City slickers used to wax poetic about “what it must be like to farm.” Oh, they’d go on some poetic tangent about the wonder of life, and what it was like to be a steward of the land, yammer, yap, yowl.
I’d tell them that I didn’t have a damn thing to do with the “miracle of life and growth.” Mom Nature took care of that. My job was to kill. Every day I was farming, I was killing. Killing pests, killing weeds, killing squirrels, gophers, voles, mice, you name it. I would tell anyone who asked that my job as a farmer was to wake up every morning and find something on our farm to kill. And I did it with ruthless efficiency. I was a good farmer. Unlike most people who aren’t born into farming, I didn’t go broke. I made money. Without subsidies or government gimme-dats.
For those curious about the tie-in with guns: A .17 HMR in a Savage rifle became my killing instrument of choice on squirrels and coyotes. Ground squirrels blow up very nicely with the .17 HMR, using the 17gr VMax pill. Out to 200 yards in a light to no wind situation, I owned anything in the hayfields. Coyotes poaching on our chickens and sheep would go down like a sack of hammers with a 17 HMR put behind their ear into the skull.
The two red foxes that bedeviled me for two years, digging out monster dens into which the tractor wheels would fall when I’d be baling in the middle of the night were finally dispatched one winter day when we had snow on the ground. I saw them both out sunning themselves on top of the snow in the afternoon. They were near the center of the pivot in the field – about 300 yards from the road. I was coming back from a deer hunt with my .338 in the pickup. Saw my opportunity, lined up the shot to punch through both of them with one shot, laid across the hood and drilled them. Front axle parts for even old 40-series Deere tractors costs pretty big bucks when you punch through the surface down a couple of feet into a fox den. The exit wounds were so large that the pelts were worthless.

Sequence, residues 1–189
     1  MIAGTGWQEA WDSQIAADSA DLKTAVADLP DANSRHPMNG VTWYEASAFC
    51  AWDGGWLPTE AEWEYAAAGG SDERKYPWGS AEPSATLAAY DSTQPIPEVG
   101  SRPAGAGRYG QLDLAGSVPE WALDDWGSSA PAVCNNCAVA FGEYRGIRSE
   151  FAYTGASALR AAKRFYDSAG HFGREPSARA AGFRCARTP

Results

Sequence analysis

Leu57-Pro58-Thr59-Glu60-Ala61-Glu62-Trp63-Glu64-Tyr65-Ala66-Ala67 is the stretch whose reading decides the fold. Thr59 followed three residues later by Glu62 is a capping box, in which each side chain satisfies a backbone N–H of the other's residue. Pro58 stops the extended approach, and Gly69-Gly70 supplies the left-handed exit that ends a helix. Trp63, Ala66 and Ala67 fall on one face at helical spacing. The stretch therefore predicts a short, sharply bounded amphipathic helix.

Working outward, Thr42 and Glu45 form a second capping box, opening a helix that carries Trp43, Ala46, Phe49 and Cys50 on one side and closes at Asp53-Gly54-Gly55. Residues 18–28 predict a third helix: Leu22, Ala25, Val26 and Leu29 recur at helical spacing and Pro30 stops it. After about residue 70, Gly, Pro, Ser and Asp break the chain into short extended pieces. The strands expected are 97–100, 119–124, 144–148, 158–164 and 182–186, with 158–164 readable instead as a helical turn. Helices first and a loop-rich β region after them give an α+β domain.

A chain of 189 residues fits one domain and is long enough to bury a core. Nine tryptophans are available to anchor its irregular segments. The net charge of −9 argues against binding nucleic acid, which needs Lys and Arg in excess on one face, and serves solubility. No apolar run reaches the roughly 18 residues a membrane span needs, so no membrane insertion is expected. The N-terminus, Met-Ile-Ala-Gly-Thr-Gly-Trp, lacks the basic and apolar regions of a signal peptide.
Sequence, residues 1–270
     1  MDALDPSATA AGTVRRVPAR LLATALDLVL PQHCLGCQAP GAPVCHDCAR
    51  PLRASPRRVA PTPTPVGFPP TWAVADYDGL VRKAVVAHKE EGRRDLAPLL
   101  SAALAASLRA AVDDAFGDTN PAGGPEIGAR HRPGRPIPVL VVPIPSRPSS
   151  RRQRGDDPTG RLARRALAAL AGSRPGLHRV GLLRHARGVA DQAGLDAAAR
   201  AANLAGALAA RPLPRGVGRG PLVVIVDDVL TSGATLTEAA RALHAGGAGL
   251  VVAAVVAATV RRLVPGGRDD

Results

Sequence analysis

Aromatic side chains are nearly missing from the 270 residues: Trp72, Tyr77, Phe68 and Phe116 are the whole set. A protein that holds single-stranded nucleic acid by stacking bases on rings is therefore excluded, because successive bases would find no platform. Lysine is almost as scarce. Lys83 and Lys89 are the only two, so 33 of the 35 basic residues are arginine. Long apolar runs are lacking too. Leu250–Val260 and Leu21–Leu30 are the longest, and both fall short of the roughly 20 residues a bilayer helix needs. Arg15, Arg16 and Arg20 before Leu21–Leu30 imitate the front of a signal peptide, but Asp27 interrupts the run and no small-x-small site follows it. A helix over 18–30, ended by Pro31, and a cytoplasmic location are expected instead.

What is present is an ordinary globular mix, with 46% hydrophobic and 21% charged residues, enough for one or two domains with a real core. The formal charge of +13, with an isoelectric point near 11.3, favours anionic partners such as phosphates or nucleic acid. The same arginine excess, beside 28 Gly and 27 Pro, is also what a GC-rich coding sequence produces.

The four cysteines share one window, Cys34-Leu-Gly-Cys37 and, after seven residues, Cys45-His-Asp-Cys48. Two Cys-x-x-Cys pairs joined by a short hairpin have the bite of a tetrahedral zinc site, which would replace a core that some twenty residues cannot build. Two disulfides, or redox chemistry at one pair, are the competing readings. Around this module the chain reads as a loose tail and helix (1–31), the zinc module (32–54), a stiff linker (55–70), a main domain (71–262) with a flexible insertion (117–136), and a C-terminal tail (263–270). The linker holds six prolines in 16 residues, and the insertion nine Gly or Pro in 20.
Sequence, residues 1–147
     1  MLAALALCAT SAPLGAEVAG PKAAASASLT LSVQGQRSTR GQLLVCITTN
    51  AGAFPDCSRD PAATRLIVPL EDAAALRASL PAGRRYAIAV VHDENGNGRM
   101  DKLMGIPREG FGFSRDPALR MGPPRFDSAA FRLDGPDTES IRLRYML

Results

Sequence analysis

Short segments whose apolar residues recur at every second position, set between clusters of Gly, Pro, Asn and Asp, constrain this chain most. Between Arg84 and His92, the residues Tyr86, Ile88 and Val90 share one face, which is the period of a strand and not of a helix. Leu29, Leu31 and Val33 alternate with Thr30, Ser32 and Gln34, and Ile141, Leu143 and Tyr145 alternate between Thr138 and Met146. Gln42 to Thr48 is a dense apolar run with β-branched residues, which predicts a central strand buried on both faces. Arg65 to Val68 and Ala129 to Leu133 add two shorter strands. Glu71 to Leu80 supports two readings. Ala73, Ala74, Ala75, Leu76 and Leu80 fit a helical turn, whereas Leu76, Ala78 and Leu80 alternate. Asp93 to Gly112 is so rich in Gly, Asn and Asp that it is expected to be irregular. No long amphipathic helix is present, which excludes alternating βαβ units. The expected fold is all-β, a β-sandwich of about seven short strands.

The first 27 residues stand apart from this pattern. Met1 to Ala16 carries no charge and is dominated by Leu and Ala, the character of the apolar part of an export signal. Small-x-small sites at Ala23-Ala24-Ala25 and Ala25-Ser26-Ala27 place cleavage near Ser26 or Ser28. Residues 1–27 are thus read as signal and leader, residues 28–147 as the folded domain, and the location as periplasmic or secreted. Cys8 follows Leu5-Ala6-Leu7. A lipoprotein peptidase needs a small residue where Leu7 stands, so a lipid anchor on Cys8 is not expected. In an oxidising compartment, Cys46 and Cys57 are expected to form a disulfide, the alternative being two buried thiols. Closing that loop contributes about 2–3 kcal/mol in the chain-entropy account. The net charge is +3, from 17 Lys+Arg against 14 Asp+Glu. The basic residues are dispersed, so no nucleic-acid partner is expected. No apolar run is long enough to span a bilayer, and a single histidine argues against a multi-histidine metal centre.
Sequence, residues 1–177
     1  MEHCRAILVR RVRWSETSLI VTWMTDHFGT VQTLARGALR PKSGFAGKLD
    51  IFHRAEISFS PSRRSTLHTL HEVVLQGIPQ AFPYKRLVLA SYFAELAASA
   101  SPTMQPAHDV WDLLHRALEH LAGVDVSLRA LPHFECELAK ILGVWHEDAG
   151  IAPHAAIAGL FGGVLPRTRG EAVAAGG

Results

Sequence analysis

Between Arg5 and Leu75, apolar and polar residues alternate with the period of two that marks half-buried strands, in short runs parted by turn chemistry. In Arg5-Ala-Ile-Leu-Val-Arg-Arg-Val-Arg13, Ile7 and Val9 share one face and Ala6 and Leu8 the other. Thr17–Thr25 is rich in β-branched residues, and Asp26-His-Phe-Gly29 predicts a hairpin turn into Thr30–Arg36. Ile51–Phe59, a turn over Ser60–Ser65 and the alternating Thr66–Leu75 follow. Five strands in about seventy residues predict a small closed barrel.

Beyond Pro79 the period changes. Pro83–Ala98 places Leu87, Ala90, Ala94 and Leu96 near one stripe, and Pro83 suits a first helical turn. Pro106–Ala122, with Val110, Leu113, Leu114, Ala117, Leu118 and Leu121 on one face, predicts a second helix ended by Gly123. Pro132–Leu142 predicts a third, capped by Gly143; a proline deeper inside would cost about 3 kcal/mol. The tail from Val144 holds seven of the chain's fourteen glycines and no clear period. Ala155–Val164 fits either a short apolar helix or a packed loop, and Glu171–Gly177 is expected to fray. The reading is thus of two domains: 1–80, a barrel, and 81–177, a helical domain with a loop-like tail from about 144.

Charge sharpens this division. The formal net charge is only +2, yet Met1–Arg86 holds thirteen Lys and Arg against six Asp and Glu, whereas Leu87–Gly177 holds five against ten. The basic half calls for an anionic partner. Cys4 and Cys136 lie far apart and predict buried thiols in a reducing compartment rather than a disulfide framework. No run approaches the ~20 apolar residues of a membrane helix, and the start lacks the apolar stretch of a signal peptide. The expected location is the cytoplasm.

Sounds like my uncle Dave could have used your skills on his dairy farm in Randolph, WI. We didn’t kill much off of that farm excerpt corn fed whitetail deer. Which are almost as tasty as the corn and alfalfa fed deer from Friesland, WI. Not sure if the farm cats were enough to keep the various rodents in check.
You sound like my cousin when I was hunting big game groundhogs in the exotic back forty farm location. Hey, I cut up the meat and fed it to our farm cats.
“I’m holding a Big Horn Armory lever gun in .500 S&W that’s untested on the big game it is designed to harvest. That needs to be remedied.”
Geeze, look at that thing. ‘Spike Driver’ is an apt name…
Nce write up, sir! A safari is on my bucket list.
Some of the Blasers (in their top lux categories starting at $20,000 or so) have incredible woods. The engraving by the old masters at Colt are awe inspiriing. There is no reason a firearm cannot be both a tool and a work of art.
The great grey-green, greasy Limpopo river? You must go! A little bird told me so.